Cherry Coal Mine Disaster

Taken From the Daily Review, Decatur, Illinois
Online transcription by Nancy Piper for Genealogy Trails
Photos donated by Tracey Ristau-MacLeod

(To see a larger version of each photo, click on the photo)

Wednesday Evening, November 17, 2006

MINE FIRE HOTTER - No Hope of Entering Week - Women in Anguish

Cherry, Ill., Nov. 17 - Gas was forming rapidly in the mine this morning, caused by burning coal and the action of fire and water. An explosion was feared.

The temperature in the main shaft was taken at 10 o'clock and showed 115 degrees. This was an indication less favorable than last night, when the authorities determined to open the mine if it possibly could be done with safety.


During the taking of the test appeals from unfortunate women of Cherry for the shaft to be opened were so pathetic as to force the officials to turn their heads.


The fire got hotter as the day passed and by afternoon was hotter than it had been at any time.

The chances are, it is said, no one can enter the mine for a week. If such proves to be the case upon investigation, the mine will be sealed again and not opened for days.


State troops arrived during the night. Hints of a possible demonstration against state officers or mine officials reached the ears of the State's Attorney Eckhart yesterday and the troops were sent for. All night they did sentinel duty about the mine and the St. Paul cars containing the mine inspectors and nurses and the private coach of President Earling of the St. Paul.

During the night, tons of water were forced into the burning mine under the supervision of expert fire fighters from Chicago.

Demonstrations Feared From Frenzied Relatives as Dead Bodies Come Up

Cherry, Nov. 17 - Troops have been called for to prevent an untoward demonstration when the bodies of the three hundred miners, entombed in Saturday's disaster, are brought to the surface.

Sheriff Skoglund telegraphed Springfield late yesterday, asking Deenan to send several companies of militia. No violence has been displayed, and State's Attorney Eckhart hopes by the presence of the small guard to prevent any ill-advised move by miners whose feelings are wrought up by the loss of their comrades. "We want troops at once. We will take no chances," declared Eckhart.

Death Row - Homes of Lost Miners


When the bodies will be brought up is doubtful. None of the officials believe any of the men are alive. The fire in the mine yesterday was more intense than when the men were entrapped. No efforts were made to enter.

Fire Chief Horan of Chicago, arrived with assistance and hose and chemical extinguishers. Later a fire engine and crew were sent from Chicago.


Two hundred and fifty pine boxes in which will be buried the bodies recovered, arrived and are stored near the mine, although the fact was kept from the afflicted families.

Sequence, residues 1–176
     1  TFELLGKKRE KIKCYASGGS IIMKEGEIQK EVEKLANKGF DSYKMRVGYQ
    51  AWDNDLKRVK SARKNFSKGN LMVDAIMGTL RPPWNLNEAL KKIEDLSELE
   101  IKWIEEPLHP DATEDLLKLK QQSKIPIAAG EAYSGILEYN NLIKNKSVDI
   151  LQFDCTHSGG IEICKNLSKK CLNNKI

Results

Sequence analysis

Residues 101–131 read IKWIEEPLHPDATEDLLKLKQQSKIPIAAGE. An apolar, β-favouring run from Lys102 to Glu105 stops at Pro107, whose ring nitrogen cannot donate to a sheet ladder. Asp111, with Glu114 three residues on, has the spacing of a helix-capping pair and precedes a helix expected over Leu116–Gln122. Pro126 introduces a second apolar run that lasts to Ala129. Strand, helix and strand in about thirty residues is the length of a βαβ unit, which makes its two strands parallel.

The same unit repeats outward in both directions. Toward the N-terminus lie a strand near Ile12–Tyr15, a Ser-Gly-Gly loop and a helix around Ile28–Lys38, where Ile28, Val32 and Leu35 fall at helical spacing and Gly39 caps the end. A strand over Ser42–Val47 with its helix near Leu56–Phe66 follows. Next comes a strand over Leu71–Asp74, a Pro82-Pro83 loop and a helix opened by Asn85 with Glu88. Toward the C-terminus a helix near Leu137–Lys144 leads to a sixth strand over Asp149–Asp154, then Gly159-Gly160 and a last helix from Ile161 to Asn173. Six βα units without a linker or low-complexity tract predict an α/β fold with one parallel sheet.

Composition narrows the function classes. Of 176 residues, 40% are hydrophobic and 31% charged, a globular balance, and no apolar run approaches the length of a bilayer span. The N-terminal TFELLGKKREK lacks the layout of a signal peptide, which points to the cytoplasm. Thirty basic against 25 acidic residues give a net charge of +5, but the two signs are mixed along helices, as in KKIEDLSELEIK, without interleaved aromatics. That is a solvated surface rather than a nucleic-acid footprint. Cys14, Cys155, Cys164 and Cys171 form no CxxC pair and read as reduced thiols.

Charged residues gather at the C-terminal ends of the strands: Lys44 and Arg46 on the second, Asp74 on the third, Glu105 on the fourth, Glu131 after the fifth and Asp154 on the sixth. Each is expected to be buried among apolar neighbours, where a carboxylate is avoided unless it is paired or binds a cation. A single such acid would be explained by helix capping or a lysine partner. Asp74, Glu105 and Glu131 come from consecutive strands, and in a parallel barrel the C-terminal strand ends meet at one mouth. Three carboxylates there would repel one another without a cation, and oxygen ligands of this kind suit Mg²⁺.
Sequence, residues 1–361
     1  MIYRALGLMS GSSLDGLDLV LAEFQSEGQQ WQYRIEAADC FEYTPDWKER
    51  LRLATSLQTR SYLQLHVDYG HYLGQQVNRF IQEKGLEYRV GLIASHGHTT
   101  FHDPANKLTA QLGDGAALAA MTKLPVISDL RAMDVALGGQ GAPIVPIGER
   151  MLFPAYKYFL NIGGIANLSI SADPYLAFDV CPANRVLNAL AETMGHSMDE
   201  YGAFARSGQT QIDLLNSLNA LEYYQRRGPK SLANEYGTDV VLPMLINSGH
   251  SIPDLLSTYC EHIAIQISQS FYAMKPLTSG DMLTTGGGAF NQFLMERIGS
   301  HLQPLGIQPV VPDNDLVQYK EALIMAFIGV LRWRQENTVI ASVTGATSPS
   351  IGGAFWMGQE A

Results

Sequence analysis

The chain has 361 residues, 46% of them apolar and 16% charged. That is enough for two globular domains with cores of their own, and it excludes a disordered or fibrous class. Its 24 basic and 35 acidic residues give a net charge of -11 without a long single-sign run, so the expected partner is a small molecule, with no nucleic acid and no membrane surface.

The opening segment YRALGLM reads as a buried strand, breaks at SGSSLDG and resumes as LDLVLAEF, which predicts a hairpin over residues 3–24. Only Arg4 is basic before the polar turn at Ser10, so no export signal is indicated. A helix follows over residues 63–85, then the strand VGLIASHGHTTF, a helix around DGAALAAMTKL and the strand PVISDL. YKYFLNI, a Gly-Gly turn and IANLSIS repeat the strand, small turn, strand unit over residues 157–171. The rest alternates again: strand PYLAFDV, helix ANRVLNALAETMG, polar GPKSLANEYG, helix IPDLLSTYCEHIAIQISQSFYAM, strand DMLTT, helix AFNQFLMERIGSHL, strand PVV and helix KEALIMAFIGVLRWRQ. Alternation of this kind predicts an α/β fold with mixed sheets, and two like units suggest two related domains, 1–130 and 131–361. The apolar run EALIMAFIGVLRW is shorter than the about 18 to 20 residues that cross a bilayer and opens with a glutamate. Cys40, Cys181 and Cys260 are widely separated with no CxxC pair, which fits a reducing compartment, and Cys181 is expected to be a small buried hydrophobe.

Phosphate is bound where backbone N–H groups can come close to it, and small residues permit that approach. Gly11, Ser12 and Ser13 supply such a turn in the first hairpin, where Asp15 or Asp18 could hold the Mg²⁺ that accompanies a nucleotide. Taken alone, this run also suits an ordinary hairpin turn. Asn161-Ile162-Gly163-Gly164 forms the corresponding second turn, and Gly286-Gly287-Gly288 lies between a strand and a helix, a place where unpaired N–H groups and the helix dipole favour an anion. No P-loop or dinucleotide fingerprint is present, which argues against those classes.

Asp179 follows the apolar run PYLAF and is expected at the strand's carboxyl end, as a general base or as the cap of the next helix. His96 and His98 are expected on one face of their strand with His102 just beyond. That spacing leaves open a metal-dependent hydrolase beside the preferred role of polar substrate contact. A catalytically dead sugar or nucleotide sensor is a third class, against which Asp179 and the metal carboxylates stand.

Manager Taylor said yesterday, "Every man in the mine was put to sleep on the day of the fire. There is no reason to arouse false hopes. There is no ground for hoping that a single soul could have been found alive an hour after the fire."

"It is a mistaken idea that miners could have hastened far out in the galleries and found oxygen enough to keep them alive for a day. Tests showed that on the day of the fire the air current had a velocity of 800 feet a minute. The longest gallery is three-quarters of a mile. The fire was intense and the smoke white and damp and whirled to every corner of the mine. No living man could escape it."


"The entombed men all breathed this gas. Caught like rats in a trap, they all went to sleep about as a person would take ether. It is not a painful death. I was twice overcome by gas, but was rescued."

"We know all are dead that were there but we risked our lives to satisfy the agonized relatives. Exploration has been a dangerous business. We don't want to lose anymore lives. Yesterday I thought I was gone. I had been feeling about in the second vein 250 feet from the shaft breathing oxygen from the apparatus on my back and on returning toward the cage saw flames. My first thought was that the cage had stuck owing to warping heat. I thought my end had come, but when I reached the cage and gave the signal my heart lightened as the cage shot up through the smoke into the free air."


"It is a mistake to think sealing the shaft cuts off circulation of the air. Our anometers had shown all along good circulation of air in the shaft, but fatal damage was done long before the mine was sealed the first time. We will do everything possible to recover the bodies because we believe it is essential that the sufferers be allowed to bury their dead. Then they feel much better for a chance to clasp their dead in their arms."

Cherry Mine Office


That's What the Officials Brand Reports of Anarchistic Plots

Cherry, Nov. 17 - Despite the Sheriff's assurance that no apprehension prompted the call for troops, rumors were circulated that crowds from points outside are determined to carry out the rescue work themselves, and that a plot had been formed to blow up a number of private cars here, one of them the car of President Earing of the St. Paul railroad. The rumors are branded as absurd by the officials.


Washington, Nov. 17 - According to the records of the Technologist department, the Cherry disaster will rank as the second greatest in this country. Only that at Monongah, W. Va., in which 356 miners lost their lives, furnished a greater death list.

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